According to Timm (1993), teacher modeling of healthy mental and emotional skills has a greater impact on student learning than any other tool or instructional method. Teachers can model self-regulation skills by explicitly naming their emotions and describing how they handle them. For example, a teacher might say, “When people start talking about other things while I’m still giving directions, it feels frustrating to me, and I have to take a breath, catch myself, and say, ‘It’s okay, I’m going to try again’” (edutopia, 2019, 1:12). Think alouds and role-playing are great ways to model self-regulation (Parrish, 2018). By modeling how to label and respond to emotions in appropriate ways, students are given vocabulary to self-regulate their own emotions. Students need time to “practice new behavior in a low-stakes way that breaks the desirable behavior in achievable steps” (Parrish, 2018, pp. 13). Teachers must recognize that while modeling is an important tool in helping students learn to regulate emotions and behavior, students may also need other learning tools and scaffolding to practice and apply these self-regulation skills.
||Daily, as needed.
- Create an emotion word bank for you and students to draw from when describing feelings (anger, frustration, joy, excitement, etc.)
- Frequently describe your emotions and thought processes to your students to teach them how to regulate emotions effectively.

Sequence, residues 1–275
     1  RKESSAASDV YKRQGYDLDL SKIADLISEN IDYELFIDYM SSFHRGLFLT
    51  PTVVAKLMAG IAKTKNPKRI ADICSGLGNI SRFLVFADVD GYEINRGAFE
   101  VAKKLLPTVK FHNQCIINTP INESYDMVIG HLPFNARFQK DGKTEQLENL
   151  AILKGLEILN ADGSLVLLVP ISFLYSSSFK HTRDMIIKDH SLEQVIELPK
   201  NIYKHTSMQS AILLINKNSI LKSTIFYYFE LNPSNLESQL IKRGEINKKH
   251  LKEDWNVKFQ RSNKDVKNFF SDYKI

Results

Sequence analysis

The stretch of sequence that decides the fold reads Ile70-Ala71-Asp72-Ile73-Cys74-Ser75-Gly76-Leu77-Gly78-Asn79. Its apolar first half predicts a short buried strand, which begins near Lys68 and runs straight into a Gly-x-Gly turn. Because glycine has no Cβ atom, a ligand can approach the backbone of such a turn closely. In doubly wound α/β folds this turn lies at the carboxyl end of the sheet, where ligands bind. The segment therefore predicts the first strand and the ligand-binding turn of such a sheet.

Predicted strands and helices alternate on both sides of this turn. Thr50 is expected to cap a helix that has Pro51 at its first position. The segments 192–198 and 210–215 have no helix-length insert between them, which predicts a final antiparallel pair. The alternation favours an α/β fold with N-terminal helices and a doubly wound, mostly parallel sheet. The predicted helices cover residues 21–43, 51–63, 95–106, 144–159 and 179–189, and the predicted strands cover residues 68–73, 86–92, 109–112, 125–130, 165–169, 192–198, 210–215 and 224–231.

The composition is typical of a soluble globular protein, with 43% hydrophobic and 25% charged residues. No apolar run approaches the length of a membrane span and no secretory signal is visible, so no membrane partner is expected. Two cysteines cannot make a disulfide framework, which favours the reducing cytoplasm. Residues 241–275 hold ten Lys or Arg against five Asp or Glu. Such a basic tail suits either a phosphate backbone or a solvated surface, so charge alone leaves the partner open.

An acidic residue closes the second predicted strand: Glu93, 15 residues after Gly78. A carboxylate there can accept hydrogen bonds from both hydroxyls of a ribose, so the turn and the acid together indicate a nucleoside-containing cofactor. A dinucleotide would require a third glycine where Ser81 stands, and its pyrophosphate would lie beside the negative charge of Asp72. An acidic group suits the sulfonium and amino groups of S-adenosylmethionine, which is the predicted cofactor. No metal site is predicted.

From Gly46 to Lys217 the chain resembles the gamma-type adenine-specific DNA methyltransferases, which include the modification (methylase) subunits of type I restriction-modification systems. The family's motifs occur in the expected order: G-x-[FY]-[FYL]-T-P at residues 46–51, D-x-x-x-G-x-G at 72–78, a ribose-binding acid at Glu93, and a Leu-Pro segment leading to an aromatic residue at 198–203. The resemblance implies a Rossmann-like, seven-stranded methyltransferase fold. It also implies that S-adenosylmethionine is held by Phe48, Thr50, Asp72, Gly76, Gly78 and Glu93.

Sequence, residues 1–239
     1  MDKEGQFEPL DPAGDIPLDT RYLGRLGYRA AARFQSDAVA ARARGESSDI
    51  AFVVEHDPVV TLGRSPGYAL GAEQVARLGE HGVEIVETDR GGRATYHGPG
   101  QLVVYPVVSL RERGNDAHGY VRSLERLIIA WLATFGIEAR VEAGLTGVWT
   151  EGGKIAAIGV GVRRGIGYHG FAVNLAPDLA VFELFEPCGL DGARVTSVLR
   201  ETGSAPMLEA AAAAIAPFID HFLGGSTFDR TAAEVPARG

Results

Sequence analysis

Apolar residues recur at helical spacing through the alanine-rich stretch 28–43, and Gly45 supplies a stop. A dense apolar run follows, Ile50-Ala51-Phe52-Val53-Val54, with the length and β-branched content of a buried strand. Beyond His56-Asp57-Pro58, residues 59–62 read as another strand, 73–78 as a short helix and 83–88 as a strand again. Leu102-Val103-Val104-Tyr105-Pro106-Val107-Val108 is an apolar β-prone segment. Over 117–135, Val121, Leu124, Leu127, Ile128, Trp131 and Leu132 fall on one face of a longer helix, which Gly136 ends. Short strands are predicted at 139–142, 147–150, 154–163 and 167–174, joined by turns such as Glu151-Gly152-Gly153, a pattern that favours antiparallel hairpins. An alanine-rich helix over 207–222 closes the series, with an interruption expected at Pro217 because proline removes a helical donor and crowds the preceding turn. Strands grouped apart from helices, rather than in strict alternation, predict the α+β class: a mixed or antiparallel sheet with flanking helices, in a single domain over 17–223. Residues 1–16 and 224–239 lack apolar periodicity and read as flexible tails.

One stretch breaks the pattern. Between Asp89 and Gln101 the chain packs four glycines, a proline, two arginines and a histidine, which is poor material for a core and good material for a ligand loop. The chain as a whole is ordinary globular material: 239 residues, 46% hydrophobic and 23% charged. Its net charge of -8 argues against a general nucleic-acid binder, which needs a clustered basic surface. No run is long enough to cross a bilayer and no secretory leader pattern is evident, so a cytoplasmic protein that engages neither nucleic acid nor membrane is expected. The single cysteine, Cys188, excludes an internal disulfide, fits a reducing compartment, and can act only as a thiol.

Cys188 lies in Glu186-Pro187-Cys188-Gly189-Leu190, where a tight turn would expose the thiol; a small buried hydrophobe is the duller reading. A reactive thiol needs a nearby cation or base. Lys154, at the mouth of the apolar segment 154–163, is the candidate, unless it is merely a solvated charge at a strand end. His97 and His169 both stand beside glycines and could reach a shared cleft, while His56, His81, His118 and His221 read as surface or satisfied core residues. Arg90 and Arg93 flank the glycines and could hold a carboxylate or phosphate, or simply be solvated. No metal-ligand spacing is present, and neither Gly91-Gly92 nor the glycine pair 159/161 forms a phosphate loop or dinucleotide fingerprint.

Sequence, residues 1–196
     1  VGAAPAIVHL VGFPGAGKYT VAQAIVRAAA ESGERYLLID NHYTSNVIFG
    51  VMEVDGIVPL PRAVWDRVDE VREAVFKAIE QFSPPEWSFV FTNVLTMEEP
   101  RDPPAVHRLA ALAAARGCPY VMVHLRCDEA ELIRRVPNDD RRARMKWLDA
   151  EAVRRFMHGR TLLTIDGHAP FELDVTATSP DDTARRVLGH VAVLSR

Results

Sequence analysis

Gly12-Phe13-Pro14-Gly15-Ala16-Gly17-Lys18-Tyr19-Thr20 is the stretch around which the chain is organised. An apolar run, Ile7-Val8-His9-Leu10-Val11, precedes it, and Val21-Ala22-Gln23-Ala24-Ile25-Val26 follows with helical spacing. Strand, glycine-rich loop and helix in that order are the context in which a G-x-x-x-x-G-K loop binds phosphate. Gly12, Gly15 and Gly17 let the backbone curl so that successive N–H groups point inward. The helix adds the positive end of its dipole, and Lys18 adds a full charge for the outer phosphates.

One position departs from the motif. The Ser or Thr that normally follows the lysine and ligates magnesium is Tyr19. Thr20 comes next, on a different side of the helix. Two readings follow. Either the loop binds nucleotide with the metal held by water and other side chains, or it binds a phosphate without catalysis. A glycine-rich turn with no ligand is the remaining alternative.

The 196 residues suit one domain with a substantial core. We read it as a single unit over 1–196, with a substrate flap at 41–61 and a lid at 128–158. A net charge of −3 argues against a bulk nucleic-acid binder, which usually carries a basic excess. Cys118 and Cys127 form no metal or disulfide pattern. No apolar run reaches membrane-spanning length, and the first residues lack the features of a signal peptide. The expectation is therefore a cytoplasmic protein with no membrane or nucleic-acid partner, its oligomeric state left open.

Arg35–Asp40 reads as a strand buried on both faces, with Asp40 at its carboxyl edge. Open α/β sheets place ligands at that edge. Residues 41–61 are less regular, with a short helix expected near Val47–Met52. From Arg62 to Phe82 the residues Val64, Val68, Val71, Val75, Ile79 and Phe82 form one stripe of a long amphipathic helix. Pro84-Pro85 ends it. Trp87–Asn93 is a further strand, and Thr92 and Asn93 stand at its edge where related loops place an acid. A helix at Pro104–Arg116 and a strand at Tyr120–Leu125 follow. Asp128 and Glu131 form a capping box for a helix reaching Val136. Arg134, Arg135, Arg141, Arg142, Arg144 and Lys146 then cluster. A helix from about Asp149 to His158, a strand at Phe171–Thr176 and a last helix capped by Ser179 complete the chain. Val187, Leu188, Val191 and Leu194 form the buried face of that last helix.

- Role-play with your students effective emotional regulation skills, such as how to react when we feel angry or hurt (take a deep breath, count to ten, etc.).
Does it work?
One study evaluated 11 teachers in 3 elementary schools to better understand the underlying factors that lead to strong student-teacher relationships, particularly with disruptive students (McGrath & Van Bergen, 2019). The teachers with positive teacher-student relationships showed evidence of self-regulating and reflecting on their own emotions. They consciously reflected on how students’ behaviors caused them to feel and regulated their emotions in constructive ways. Additionally, teachers used perspective taking to perceive students’ reactions and empathize with them. This led to more caregiving behaviors. Teachers spoke more calmly to their students and regulated “the intensity of their own emotional displays" (McGrath & Van Bergen, 2019, pp. 346-347). Teachers more accurately identified their students’ emotions which allowed them to administer consequences and teach behavior skills in more appropriate ways Teacher emotional competence and regulation was associated with a more positive classroom climate (McGrath & Van Bergent, 2019). A study of 26 teachers in Kentucky, USA found that teachers with a high level of emotional intelligence and consistent modeling of emotional regulation skills often had fewer class disruptions and behavioral referrals (Walker, 2001).
Edutopia. (2019, January 12). Teaching self-regulation by modeling[VIDEO]. https://www.edutopia.org/video/teaching-self-regulation-modeling
McGrath, K. & Van Bergen, P. (2019). Attributions and emotional competence: Why some teachers experience close relationships with disruptive students (and others don’t). Teachers and Teaching: Theory and Practice, 25(3), 334-357. http://dx.doi.org/10.1080/13540602.2019.1569511
Parrish, N. (2018, August 22). How to teach self-regulation. Edutopia. https://www.edutopia.org/article/how-teach-self-regulation
Timm, J.P. (1993). The relationship between the teacher's state of mind and the affective climate in the classroom: implications for psychology of mind as applied to teacher education. Unpublished master's thesis, Goddard College, Plainfield, Vermont.
Walker, A. E. (2001). Emotional intelligence of the classroom teacher (Order No. 9996964). Available from ProQuest Dissertations & Theses Global. (304772445). http://erl.lib.byu.edu/login/?url=https://www.proquest.com/dissertations-theses/emotional-intelligence-classroom-teacher/docview/304772445/se-2?accountid=4488